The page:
Customers ofVirgin Media Business‘s “Voom Fibre” cable broadband products are suffering from a long running problem due to how the operator handles StaticIPaddresses on their Hitron router, which can result in VMB’s up to 350Mbps packages struggling to deliver a fast and stable service.
Some of the feedback that ISPreview.co.uk has received suggests that the problem has become so bad that VMB staff have even been known to discourage new customers from adopting a StaticIPaddress, while others have moved back to a Dynamic one. The ability to take a static IP tends to be something that’s quite important for “business class” connections (useful for setting up hosting, servers or other advanced networking).
Earlier this year the operator launched a new range ofVoom Fibrepackages (here), which featured a top download speed of up to 350Mbps (Megabits per second) and variable upload speed options including 7Mbps, 15Mbps and 20Mbps (the latter two allow you to add blocks of static IP addresses). Each package included a wirelessDOCSIS3.0 router (Hitron CGNv4).
The router itself has been available since long before the new packages were introduced and it’s possible to find plenty of complaints about the device’s ability, or inability, to handle static IP addresses correctly (exampleshereandhere), many of which date back to early 2016 and continue today.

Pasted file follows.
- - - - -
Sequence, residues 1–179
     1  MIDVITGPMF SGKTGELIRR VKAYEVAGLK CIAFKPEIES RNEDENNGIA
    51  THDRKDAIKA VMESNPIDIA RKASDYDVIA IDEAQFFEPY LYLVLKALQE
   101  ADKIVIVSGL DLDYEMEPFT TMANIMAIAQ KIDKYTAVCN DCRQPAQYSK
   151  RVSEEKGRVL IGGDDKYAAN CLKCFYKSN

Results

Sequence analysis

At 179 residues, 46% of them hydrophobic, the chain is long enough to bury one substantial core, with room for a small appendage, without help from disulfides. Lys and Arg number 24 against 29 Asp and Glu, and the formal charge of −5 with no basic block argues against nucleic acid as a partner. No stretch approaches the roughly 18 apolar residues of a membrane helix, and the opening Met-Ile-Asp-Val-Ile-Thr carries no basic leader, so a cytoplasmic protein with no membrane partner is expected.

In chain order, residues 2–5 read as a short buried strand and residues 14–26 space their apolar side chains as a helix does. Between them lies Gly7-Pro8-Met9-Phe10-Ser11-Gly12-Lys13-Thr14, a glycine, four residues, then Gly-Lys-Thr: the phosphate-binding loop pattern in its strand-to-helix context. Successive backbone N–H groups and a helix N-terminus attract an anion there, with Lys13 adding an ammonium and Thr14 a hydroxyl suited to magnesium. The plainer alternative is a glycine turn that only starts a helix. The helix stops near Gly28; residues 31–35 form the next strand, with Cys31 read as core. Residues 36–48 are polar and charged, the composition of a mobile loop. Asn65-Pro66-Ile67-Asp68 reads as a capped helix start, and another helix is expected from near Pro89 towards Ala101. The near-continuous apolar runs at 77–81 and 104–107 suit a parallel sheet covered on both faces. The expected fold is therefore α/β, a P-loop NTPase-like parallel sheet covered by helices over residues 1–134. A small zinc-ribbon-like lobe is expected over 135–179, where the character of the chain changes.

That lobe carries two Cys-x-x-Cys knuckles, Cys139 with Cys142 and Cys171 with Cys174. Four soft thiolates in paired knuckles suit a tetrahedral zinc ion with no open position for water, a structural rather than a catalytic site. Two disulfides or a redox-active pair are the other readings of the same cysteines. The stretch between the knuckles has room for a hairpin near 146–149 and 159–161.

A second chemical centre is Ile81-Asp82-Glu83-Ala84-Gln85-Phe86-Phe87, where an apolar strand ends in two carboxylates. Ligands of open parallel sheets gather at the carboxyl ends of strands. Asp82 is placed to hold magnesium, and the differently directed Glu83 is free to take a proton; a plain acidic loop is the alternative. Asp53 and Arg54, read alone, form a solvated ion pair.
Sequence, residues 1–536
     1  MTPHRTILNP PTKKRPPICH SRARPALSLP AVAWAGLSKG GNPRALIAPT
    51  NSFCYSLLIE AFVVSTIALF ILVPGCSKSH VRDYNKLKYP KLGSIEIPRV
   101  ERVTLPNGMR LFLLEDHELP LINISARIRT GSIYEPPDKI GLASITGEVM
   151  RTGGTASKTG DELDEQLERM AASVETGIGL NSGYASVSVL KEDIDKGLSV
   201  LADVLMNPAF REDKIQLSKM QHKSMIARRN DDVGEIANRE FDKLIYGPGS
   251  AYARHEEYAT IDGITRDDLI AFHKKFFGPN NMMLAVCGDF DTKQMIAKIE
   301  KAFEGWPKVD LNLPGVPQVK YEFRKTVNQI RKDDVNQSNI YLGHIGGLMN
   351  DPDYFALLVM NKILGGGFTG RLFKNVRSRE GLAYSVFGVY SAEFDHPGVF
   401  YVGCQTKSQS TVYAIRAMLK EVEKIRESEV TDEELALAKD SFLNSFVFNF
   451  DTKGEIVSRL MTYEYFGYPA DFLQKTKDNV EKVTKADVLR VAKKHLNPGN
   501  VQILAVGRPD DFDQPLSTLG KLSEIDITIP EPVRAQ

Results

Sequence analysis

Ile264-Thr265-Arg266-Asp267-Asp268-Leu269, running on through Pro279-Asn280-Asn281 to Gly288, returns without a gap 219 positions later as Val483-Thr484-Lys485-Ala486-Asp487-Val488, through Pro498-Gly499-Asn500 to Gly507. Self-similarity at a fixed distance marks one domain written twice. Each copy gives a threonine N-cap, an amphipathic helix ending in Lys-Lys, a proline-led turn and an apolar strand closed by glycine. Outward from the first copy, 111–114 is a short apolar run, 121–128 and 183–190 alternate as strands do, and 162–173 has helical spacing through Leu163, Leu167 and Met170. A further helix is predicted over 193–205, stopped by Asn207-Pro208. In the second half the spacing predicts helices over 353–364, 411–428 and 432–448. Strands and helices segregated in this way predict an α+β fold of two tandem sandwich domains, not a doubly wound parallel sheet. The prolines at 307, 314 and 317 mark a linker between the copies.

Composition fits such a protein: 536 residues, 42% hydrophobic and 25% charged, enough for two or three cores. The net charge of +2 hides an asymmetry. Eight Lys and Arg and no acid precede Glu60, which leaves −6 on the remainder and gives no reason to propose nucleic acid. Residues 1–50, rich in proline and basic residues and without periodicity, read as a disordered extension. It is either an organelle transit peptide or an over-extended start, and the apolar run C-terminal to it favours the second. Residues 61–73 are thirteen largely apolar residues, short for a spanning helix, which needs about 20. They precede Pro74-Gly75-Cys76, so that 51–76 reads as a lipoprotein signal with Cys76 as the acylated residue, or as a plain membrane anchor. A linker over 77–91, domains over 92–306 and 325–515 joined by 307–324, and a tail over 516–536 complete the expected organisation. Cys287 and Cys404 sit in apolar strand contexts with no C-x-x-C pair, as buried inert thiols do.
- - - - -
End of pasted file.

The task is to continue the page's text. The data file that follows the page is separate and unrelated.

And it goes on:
As one of many customers explained in April 2016, “I’ve just had to let VM dump the Fixed IP and switch to Dynamic, just to get the line working. Before that it has been unusable, slow web page loads, timing out, router dropping the connection, literally no use at all.The switch to Dynamic IP cured all of the line issues, but has left me without the Fixed IP we need.”
Now let’s fast forward, past over a year’s worth of firmware updates, and some of the initial stability problems have subsided, although customers continue to report connectivity and performance issues. Likewise the Hitron’s modem-only mode (i.e. for use with a second router) still doesn’t work properly with Static IP addresses (Dynamic IP is fine).
As another customer said in June 2017, “I can’t see any reason to keep paying for the Business 200Meg line. I ordered that with what was supposed to be a Fixed IP, but like most people, I also had to have that changed to Dynamic IP just to get stability.”
Why is this happening?
The problem itself appears to stem, at least in part, from how Virgin Media mixes the different residential and business sides of their network together. In order to give business customers a Static IP, the ISP has to first create a Generic Routing Encapsulation (GRE) tunnel using the Hitron router to their datacentre, where they can then allocate the address.
The above approach can be tedious. We can only speculate about exactly why the problem is happening, although it’s probably linked to flaky firmware on the Hitron and / or issues with the software that VMB use on their equipment (Benu Network kit) for terminating the GRE tunnels that help to provide VMB’s Static IPs (the Benu kit may suffer from issues with fragmentation and reassembly of packets).